Worm Cafe Review – A High Quality And Sturdy Worm Farm

Turn your organic food waste into rich compost for your garden. The Worm Cafe is a 3 tray stackable worm bin with a robust design that does not age. It is suitable for both outdoor or indoor use. In our Worm Cafe review, we describe why this worm farm is an excellent choice.

  • Flyproof lid
  • Good ventilation with air holes on the side of each tray
  • Large liquid collection tray with angled drainage
  • Very easy to setup
  • Hinged lid makes it easier to feed worms
  • Instructions engraved inside the lid
  • Simple and straightforward design
  • Rectangular shape – takes up less room than a circle shaped worm bin
  • Legs contain ant caps
  • Not as easy to harvest worm castings as the trays can become heavy (but not as heavy as some other worm bins)
  • Only has 3 trays

See Customer Reviews on Amazon


The Worm Cafe is a stackable worm bin, made from recycled plastic. There are 3 large trays. It is well-built and stable. The legs include caps to prevent ants from climbing up. Note that in older designs of the Worm Cafe, the legs would buckle under weight.

It has a similar design to the Can-O-Worms worm farm except that it is rectangular in shape. So it fits well in corners, taking up much less room than the Can O Worms.

Worm castings produced by a Worm Cafe. The proof is in the pudding in our Worm Cafe review.
Worm castings produced by a Worm Cafe. The proof is in the pudding in our Worm Cafe review.

This Worm Cafe review needs to highlight the removable hinged lid feature. Simply lift the lid to one side, peel back the worm blanket and add your kitchen scraps. I also quite like the “How To Take Care of Your Worm Farm” instructions engraved under the lid. Check out our guide on how to maintain a worm farm.


The Worm Cafe worm bin comes in colour black and has a sleek appearance. It really looks great.


The assembly of the Worm Cafe worm farm should only take a couple of minutes. It is super easy to setup. All you need to do is attach the legs, screw the tap on and then sit the trays on top of each other. No tools required!

Air Ventilation

Air ventilation holes are present on the sides of each tray. This means the contents inside the bin will not get soaked when it rains.


The liquid collection tray comes with a tap. The bottom tray sits high enough off the ground to be able to place a bucket underneath the tap. I always leave the tap permanently open.

The liquid collection tray is slightly angled so that liquid drains towards the spigot. With older designs you may need to elevate or lift the rear on the worm bin for drainage.

The liquid collection tray is fairly large, with a worm mound so that worms can climb back into the bottom tray.


A Worm Cafe worm bin positioned in the shade. A sleek design which sits nicely in any garden.
A Worm Cafe worm bin positioned in the shade. A sleek design which sits nicely in any garden.

The multi-tiered design provides a decent amount of capacity and space. 3 trays is more than enough. Otherwise the worm bin might start to look like the Leaning Tower of Pisa. You start out with one tray. When the first tray gets full then that’s your queue to add another tray on top. And when the second tray gets full, the third tray goes on top. When all trays are completely full, take the bottom tray out, empty it for your garden and the cycle begins again.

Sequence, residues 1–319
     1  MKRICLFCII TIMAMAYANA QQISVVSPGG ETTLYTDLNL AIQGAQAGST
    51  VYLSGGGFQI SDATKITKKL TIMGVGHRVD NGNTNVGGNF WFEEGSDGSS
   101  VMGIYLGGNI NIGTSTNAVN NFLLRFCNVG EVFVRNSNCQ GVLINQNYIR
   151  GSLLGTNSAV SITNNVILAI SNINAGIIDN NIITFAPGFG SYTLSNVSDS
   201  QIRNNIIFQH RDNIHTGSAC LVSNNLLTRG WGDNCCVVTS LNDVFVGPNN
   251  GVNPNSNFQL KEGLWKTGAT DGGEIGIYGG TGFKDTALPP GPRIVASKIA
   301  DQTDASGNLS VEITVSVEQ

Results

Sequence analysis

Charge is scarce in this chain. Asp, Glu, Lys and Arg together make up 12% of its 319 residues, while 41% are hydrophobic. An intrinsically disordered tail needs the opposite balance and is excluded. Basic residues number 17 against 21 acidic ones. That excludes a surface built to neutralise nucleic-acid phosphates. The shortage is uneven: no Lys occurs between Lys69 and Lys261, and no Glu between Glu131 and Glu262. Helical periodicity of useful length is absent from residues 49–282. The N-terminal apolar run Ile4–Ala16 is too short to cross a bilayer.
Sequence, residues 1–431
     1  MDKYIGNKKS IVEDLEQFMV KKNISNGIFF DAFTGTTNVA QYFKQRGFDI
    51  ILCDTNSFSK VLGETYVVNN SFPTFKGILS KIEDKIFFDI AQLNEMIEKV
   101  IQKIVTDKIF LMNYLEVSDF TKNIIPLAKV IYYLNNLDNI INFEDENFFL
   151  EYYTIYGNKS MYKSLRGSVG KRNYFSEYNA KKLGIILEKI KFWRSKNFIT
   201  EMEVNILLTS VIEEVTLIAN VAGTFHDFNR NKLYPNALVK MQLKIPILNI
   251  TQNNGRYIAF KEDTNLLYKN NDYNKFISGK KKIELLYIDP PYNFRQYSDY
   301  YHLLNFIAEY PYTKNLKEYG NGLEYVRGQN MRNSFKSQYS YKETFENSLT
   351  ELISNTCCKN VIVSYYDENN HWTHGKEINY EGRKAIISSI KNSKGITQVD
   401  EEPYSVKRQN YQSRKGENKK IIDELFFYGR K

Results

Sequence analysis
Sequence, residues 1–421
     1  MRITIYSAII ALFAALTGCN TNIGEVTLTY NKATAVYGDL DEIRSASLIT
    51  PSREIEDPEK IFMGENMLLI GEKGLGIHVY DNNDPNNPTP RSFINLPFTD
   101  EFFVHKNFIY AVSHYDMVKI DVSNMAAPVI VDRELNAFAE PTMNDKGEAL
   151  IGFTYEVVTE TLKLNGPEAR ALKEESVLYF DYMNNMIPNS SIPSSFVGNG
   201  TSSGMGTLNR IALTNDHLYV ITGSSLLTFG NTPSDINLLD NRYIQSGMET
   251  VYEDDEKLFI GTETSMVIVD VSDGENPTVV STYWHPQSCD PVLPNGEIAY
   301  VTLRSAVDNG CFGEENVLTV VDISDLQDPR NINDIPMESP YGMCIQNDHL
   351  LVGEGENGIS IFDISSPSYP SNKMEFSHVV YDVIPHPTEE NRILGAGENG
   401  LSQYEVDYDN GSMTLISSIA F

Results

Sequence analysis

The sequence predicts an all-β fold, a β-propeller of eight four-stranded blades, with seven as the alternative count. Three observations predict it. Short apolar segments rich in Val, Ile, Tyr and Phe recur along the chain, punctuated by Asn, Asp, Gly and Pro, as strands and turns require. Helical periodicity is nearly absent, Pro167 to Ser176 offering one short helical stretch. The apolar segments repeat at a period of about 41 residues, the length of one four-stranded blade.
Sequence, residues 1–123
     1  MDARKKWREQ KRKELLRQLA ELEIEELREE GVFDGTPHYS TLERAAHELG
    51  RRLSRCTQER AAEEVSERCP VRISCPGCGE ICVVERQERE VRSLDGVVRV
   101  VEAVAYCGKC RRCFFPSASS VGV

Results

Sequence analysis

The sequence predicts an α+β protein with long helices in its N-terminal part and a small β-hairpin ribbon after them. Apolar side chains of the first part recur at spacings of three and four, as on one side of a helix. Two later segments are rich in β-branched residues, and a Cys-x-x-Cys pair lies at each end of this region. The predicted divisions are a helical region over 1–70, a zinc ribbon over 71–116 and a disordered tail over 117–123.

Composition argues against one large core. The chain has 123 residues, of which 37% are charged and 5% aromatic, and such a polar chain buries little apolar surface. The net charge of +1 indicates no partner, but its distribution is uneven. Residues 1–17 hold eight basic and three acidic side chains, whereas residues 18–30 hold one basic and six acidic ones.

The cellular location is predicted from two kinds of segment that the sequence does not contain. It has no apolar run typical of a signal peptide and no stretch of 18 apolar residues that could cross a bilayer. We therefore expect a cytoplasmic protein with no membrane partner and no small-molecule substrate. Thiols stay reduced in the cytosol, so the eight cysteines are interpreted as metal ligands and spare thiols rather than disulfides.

It would not be a complete Worm Cafe review without mentioning the price! And the great news is that this worm bin is not too expensive. It sits in the middle range in terms of price compared to other worm bins.

Check the Price on Amazon

Worm Cafe Review Conclusion

The Worm Cafe is a great choice for intermediate worm composters. It has a sturdy design and a sleek appearance. It has a lasting look and feel that does not seem to age. A great addition to your composting artillery.

5 thoughts on “Worm Cafe Review – A High Quality And Sturdy Worm Farm

  1. I have the worm cafe and was wondering if there’s any advice on how to keep the lower levels cool? We have had 40+ temps.. I have my established worm farm in an open shed, under shady trees and i have the lid elevated with timber to allow heat to escape. I have lost all worms in trays 2 & 3 as they went down due to the heat and drowned. This is the second time i have had a mass loss. Is there any instructions or tips (short of bringing them inside) for heat prevention?

    1. Hi Michelle,

      Keeping your worms cool is a challenge a lot of people face in warmer climates. I live in Melbourne Australia where temperatures can exceed 40°C or 104°F over Summer. I move my worm bin inside over Summer. Aside from moving your worm bin inside, you can bury a frozen bottle of water wrapped in newspaper in your worm bin to create a cool zone. But this is too easy to forget so moving your worm bin inside is the best thing you can do.

      Check out this blog post which lists some tips on how you can keep your worm bin cool on hot Summer days.

    1. It’s better to have it slightly damp. But your worm blanket will absorb some moisture from the bin. So it’s not that important. If I add dry shredded newspaper on top, as long as I have some fresh food scraps in there, it quickly becomes damp.

  2. I keep my worm farm in the garage which is the coolest part of the house (Western Australia). if the termperature outside the house exceeds 37 celcius for more than 2 days, then I place a small bottle of frozen water ( the small soft drink bottles) into the top tray. I may replace it 2-3 times over the next couple of days as required. The heat in the worm farm rises so no need to lift trays and place bottles in lower trays. also keep an extra eye out to ensure that the food doesnt go anaerobic in the warmer weather. I like to push cardboard/dry grass/scrunched up toilet paper rolls into the bedding with a bit exposed on top.

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